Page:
Philip Liverant, Colchester, Conn., brought a supply of jokes and some beautiful early American glass. There were New England chestnut bottles in olive green, a pair of Sandwich clam broth opalescent candle sticks, blue and white china, flow blue, a small bronze sculpture of an elk, and four candlestands. Southbury Fine Art, Southbury, Conn., brought a tall case clock with moon phases and Arabic numerals, and many paintings by Connecticut artists including Carl Blender’s portrait of a young lady that was complemented by Modernist sculptures.
Marc Witus, Gladstone, N.J., displayed nine fabulous hand blown flint glass bride’s banks. A yellow with black mid-Nineteenth Century game board was priced at $1,850. Large cases of smalls were enticing enough to linger over. There was an early Nineteenth Century Scottish presentation drinking horn with silver mounts, a bronze portrait bust and a remarkable French gilded metal foliate framed mirror that featured oak leaves and acorns on one side and other leaves on the other. It was priced at $14,500. A handsome bronze whippet was $2,450.
Poverty Hollow Enterprises, Redding Ridge and Stamford, Conn., displayed a curvilinear wrought iron window guard from a Manhattan brownstone turned upside down with an added glass top. Altogether the piece was repurposed for a decorative entry table. Dealer Bob Baker’s “narcissistic” Staffordshire spaniel faced its reflection in the mirror over the mantel. Baker also offered a large painted cast iron garden urn, a fine brass fire screen and andirons, several sets of etageres, a sideboard with legs in old green paint, a French sideboard, a stunning set of French china marked Rouen with a geometric pattern. On the floor was a stone frog in old green paint.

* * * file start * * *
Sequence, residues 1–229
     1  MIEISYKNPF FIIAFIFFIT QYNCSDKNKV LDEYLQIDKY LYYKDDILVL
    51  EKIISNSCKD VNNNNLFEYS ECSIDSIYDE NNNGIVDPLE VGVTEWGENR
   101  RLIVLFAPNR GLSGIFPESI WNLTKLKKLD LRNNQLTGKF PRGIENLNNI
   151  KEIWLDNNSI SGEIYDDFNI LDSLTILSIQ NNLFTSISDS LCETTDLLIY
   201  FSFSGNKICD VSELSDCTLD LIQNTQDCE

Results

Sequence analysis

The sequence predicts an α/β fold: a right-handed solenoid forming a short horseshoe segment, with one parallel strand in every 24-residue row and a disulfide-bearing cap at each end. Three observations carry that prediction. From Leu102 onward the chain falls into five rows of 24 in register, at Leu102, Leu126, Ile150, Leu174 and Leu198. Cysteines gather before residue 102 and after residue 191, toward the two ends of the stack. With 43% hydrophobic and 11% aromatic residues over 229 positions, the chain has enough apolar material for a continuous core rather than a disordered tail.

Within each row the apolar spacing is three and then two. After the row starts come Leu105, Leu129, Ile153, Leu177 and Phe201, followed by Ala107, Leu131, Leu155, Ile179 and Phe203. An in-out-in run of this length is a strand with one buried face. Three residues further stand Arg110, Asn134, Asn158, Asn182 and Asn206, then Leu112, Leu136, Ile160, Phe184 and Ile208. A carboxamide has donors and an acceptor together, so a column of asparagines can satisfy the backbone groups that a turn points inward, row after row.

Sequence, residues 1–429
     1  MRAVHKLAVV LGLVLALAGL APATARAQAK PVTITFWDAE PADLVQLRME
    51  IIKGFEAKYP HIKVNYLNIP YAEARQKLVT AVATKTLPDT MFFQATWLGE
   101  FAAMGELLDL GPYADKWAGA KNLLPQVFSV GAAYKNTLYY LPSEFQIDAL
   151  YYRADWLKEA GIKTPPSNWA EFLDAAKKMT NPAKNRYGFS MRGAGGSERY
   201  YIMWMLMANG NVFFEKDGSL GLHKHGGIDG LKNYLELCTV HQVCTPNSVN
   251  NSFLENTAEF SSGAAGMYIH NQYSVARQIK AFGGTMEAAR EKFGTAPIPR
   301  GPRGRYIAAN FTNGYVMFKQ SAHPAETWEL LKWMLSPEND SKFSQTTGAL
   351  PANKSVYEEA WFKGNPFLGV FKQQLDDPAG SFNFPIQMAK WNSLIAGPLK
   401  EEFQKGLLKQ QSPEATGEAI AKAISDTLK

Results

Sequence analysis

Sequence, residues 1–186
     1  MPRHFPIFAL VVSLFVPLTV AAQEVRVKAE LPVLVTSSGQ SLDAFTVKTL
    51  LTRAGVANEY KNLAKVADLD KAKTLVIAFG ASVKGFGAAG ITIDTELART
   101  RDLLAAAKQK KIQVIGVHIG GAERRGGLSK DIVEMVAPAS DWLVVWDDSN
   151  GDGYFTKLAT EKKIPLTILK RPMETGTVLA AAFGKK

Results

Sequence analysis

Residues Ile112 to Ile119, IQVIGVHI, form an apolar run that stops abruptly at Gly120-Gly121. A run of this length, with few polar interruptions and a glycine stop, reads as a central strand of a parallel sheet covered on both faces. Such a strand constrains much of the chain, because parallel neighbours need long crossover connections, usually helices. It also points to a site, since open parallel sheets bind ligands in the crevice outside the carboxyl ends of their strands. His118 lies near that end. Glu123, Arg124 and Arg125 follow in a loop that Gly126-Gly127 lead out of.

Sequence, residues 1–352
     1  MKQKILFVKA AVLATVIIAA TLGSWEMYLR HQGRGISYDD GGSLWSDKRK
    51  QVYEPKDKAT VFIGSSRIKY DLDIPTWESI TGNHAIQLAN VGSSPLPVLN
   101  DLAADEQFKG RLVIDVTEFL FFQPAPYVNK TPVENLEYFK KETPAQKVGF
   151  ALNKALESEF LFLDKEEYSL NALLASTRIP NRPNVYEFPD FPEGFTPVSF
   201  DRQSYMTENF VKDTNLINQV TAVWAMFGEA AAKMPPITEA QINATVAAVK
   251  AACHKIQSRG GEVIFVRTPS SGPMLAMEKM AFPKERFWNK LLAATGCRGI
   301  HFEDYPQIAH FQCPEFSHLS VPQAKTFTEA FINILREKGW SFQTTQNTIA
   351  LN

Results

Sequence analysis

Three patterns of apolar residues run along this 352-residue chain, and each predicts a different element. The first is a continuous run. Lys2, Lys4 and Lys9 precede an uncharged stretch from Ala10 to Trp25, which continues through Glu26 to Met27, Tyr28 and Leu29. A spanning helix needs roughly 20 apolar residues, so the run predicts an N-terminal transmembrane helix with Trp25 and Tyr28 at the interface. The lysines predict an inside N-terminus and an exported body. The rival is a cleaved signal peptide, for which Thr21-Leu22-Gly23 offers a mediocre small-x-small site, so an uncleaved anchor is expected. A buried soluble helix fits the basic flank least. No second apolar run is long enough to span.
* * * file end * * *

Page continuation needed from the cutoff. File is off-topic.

Jane Wargo, Wallingford, Conn., hung some country trade signs — Honey for Sale, Sweet Corn, and Strawberries for Sale. An American burl wood bowl was marked $1,875. A circa 1800 New England (probably New Hampshire) corner cupboard was $4,950. The cupboard had rosehead nails and was scraped down to its original sage green color. A carved white dove was a lovely folk piece. Wargo displayed a basswood trencher in blue-gray paint, a chest paint decorated in wine red and black ragged stripes, a gilded eagle on a sphere and a dated Colonial green doll house.
Antiques II, Bedford, N.Y., presented 14 pieces of Western illustrations from the 1950s and 1960s. Artists included Sam Cherry, Rodewald, Earl MacPherson. Dealer Alan Bernhard said, “This is all collectible Western illustration art. All cover art. We even have some of the original publications that match up with the art.” Continuing their theme was a French “cowboy” chair in naturally distressed old leather with a fringe on the bottom.